He contended too that Caribbean Engineering and Management Consultants Inc (CEMCO) issued a report to GPL on November, 2014, in which it criticised the Chinese group’s past performance and it specifically cited it for installing “non-conforming, non-compliant and defective equipment,” including corroding workstations throughout Guyana. He also cited the report’s conclusion on the selection of the Chinese group for the previous project, where CEMCO stated, “The firm selected for this substantial contract is not a construction company being mainly a trading company for the export of Chinese engineering products; it appears that pre-qualification or post-qualification assessments [were] either not done or adequately performed during the tendering or selection phase of the project. The Contractor engaged other Chinese firms to perform all aspects of the contracts save for purchasing of goods for the contract and even this aspect was not adequately performed, evidenced by shortage of materials and factory defects.”
He also cites another report to GPL, done by Powerline Wireless Communications and dated December 9, 2016, where it was found that effectiveness of the configuration and operation of the equipment installed by the Chinese group on seven GPL substations was not more than 49% for all.
As a result, James says it was clear that the Chinese group did not satisfy the evaluation criteria set out in the bid invitation, “it not having the experience to satisfy the bid requirements.” As a result, he argued that the decision to award the contract was “irrational, unlawful and a manifest error.”
According to James, GPL said Fix-It-Depot was disqualified as a bidder because it “did not satisfy evaluation criteria for experience in similar works of the nature and complexity to be undertaken” but no explanation was given as to how that decision was reached.
He says too that GPL also advised that the terms of the loan contract mandated that the IDB procurement policy be used, thereby “ousting” the terms and regulatory oversight of the Procurement Act.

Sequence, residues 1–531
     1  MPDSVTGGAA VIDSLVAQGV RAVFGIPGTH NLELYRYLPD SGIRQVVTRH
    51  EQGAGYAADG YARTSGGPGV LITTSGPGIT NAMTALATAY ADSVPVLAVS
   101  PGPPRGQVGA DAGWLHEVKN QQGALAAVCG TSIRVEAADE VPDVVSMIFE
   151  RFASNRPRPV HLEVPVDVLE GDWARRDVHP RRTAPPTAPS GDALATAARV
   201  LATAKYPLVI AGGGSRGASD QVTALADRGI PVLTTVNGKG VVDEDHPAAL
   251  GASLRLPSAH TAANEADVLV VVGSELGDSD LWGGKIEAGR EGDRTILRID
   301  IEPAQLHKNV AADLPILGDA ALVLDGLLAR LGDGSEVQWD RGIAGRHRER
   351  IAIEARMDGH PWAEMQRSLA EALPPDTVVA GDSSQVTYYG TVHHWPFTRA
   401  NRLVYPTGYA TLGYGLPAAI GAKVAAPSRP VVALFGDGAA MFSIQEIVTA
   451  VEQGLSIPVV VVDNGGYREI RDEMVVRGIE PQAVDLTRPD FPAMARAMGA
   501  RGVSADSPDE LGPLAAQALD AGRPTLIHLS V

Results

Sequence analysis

Additionally, he says that an explanation for the rejection of his tender, given by the IDB’s Office of Institutional Integrity also ended up highlighting the flawed decision making process and the lack of specific evaluation criteria.
James maintains that the award violated the terms of the Procurement Act and argues that even if the IDB procurement policy prevails, GPL failed to follow its evaluation process and properly apply the evaluation criteria. He adds that he has been advised that the bid invitation failed to sufficiently disclose the contract award criteria and weightings in advance, which was a breach of both the IDB policy and the GPL’s duty “to fairness, equality and transparency,” thereby making the entire tender award process “flawed and illegal.”
James adds that based on information contained in the CEMCO report, had GPL followed the evaluation process and equally and fairly applied the evaluation criteria, it would not have awarded the contract to the Chinese group, which did not meet the minimum requirements for bidders.
As a result, James has asked the court to prohibit the respondents from concluding, entering into, or bringing into force, any contract with the Chinese group, to order that they reissue the bid invitation with clear criteria or to reconsider his bid on the basis that the award to the Chinese group was unlawful. He noted that up to January 18, 2017, no money had been advanced to the group and no contract was yet in force.